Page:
Siem Reap, 1 September 2013 — When the landscape of home is a constant reminder of terrible injustice, how do you forgive and move forward, with neighbours who were once your jailers?
In June 2013, more than 20 old and new JRS staff, from 12 different countries, gathered at the restful Mihndol Metta Karuna Interfaith Retreat Centre in Siem Reap, Cambodia to discuss the concept of reconciliation.
The workshop, the first-of-its kind, aimed to combine best practices from JRS sites around the world with moral philosophy contributions by Boston College staff, an Islamic scholar and a Cambodian Buddhist monk, in order to develop a unified interfaith understanding of reconciliation, which JRS can use to better accompany refugees moving forward.
“We were privileged to learn about the practice of forgiveness from former refugees in Cambodia, who have experienced the pain of forced displacement under the Khmer Rouge and the long road to forgiveness”, said Junita Calder, JRS Asia Pacific Advocacy Officer.
Sok Eng, an elegant, seemingly ageless woman with a peaceful smile, survived eviction from Phnom Penh and forced labour in the Cambodian countryside for several years during the 1970s.
She shared her individual story of persecution and return— one that, devastatingly, is typical of the experiences of thousands of persons displaced by the Khmer Rouge during their rule from 1975 until 1979. During this time, more than one million people were executed and an estimated 2.25 million people died of famine, starvation and related disease, according to the UN and the Red Cross.
Sok Eng believes she was saved from torture, death and drowning on several occasions because she had integrity and was willing to surrender to a higher power, who she now calls God.
“[In the labour camp], I always tried to work hard and be honest but sometimes even that did not help – I was hauled in for questioning anyway. When my own strength was not enough, I let go of all my material possessions and accepted that whatever happened to me, would happen – when I trusted like that, I survived”, said Sok Eng.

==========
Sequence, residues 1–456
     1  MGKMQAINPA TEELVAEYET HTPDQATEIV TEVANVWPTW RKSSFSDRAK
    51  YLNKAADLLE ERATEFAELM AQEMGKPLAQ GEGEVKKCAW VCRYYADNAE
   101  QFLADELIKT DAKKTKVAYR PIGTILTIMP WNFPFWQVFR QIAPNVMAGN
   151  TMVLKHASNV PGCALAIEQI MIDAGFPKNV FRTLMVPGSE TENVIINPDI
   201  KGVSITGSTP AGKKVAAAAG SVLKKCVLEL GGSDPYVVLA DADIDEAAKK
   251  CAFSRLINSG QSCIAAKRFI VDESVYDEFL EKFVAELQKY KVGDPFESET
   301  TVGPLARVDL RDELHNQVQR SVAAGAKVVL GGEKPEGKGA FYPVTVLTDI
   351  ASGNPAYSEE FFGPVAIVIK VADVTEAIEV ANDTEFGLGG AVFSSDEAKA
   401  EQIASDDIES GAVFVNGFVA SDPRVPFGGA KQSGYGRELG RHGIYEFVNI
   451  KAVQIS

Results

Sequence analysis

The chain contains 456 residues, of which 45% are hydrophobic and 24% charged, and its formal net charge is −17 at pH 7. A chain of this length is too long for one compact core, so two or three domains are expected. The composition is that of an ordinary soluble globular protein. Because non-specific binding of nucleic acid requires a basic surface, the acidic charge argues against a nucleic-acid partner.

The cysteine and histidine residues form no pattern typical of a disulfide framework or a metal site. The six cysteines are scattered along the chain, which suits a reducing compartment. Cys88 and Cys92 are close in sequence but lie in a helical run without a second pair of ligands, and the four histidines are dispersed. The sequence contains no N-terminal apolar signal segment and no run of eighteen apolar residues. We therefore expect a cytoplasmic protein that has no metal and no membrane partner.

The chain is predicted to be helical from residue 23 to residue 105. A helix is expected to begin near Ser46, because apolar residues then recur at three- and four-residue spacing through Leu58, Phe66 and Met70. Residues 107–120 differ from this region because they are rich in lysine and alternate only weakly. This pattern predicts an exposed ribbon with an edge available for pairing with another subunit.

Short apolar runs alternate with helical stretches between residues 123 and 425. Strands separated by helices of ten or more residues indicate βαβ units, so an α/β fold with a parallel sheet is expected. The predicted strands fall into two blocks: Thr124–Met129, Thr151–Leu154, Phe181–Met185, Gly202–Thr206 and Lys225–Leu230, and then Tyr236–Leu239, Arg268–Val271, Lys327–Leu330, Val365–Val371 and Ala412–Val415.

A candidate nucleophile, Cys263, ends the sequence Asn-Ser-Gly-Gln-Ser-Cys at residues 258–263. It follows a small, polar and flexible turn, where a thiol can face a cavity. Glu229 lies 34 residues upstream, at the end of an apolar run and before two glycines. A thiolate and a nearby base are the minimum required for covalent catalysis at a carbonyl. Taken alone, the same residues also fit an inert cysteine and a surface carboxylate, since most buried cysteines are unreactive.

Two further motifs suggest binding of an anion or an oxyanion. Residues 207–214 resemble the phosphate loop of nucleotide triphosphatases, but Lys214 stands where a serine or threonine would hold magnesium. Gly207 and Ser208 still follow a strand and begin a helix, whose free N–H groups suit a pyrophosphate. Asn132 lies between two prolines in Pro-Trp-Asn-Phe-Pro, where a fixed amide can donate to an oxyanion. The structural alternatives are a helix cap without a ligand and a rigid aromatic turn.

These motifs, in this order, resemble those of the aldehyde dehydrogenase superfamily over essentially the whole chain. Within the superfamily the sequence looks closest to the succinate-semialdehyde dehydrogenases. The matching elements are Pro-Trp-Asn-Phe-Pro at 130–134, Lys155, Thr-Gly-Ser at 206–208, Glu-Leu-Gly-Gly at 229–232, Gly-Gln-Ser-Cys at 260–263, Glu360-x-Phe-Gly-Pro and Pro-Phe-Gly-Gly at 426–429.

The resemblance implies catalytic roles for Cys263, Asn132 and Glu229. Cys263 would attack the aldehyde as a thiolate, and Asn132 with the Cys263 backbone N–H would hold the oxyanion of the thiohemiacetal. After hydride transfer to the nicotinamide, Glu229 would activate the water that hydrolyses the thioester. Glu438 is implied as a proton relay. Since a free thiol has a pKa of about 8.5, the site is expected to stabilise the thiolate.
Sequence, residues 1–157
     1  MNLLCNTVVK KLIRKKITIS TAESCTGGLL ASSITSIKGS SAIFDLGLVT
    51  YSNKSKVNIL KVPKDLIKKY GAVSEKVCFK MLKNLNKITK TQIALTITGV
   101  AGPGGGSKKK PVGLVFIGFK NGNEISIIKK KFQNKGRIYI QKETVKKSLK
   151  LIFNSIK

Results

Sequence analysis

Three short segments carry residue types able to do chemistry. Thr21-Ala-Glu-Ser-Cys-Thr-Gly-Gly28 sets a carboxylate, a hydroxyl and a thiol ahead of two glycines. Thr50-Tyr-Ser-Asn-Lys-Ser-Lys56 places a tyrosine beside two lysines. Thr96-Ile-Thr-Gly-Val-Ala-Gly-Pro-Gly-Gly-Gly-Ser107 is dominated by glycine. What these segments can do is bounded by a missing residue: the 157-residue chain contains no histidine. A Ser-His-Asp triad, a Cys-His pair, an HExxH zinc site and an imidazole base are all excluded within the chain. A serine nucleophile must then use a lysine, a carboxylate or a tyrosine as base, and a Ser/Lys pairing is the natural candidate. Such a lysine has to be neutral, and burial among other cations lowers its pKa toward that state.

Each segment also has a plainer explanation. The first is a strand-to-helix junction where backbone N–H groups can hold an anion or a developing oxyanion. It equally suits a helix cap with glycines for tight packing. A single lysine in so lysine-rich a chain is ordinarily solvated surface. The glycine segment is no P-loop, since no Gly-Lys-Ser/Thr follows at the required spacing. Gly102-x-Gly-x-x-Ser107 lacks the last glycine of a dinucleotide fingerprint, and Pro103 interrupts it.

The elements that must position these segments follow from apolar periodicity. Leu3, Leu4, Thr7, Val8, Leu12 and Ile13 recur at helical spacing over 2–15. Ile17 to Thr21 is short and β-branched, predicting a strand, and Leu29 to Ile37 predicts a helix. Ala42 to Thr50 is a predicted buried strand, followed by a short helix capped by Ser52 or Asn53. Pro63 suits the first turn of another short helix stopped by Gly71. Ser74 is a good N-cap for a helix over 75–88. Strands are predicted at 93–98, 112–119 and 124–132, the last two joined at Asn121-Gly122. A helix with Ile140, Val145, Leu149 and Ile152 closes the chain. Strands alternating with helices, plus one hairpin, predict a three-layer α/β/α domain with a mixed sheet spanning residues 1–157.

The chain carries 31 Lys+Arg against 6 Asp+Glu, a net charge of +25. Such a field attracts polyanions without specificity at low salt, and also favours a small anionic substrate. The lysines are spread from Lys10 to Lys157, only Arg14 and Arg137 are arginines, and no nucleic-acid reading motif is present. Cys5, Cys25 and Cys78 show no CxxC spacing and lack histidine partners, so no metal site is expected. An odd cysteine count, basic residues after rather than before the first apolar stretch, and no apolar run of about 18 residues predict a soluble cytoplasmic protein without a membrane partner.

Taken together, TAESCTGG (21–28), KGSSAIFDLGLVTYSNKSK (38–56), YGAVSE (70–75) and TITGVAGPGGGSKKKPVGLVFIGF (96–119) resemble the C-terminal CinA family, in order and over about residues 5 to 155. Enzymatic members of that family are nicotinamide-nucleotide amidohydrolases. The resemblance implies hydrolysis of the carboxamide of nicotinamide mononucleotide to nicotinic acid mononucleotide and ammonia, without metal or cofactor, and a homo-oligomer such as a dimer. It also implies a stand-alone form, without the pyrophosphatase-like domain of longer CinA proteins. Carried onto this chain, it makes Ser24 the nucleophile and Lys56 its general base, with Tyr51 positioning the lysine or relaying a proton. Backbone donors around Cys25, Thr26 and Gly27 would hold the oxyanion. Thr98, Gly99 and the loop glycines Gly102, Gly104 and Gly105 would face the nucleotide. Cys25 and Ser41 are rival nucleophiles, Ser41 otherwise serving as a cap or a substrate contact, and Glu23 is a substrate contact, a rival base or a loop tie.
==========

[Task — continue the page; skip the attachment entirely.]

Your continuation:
Faith helped Sok Eng to eventually return to the same area where she had been put to work to live in peace with those who had imprisoned her and had stood by indifferently while her family died from starvation and exhaustion.
Before celebrating Mass and praying together on the shore of Trapeang Thmor Reservoir – which was built by Sok Eng and hundreds of other forced labourers, many of whom lost their lives – Sok Eng shared publicly how long and difficult the journey of forgiveness can be.
“I must confess, Father, I have not yet completed the work of forgiveness in my own heart…but I have come a long way…and I will keep trying”, she said.
May Sok Eng’s hardworking spirit, trust and perseverance to forgive inspire us all to accompany refugees on their journeys. Let us have particular sympathy for those who are returning to their homelands where they were previously abused, those who are surrounded daily by geographical reminders of their pain and loss.
It is no easy thing to undertake the journey of reconciliation, to admit that we cannot always resolve injustice, nor persevere in the face of it, nor forgive our enemies, all on our own. Sometimes we may need to trust in something beyond ourselves.
From where do you draw your strength? In whom do you put your trust? What inspires you to forgive?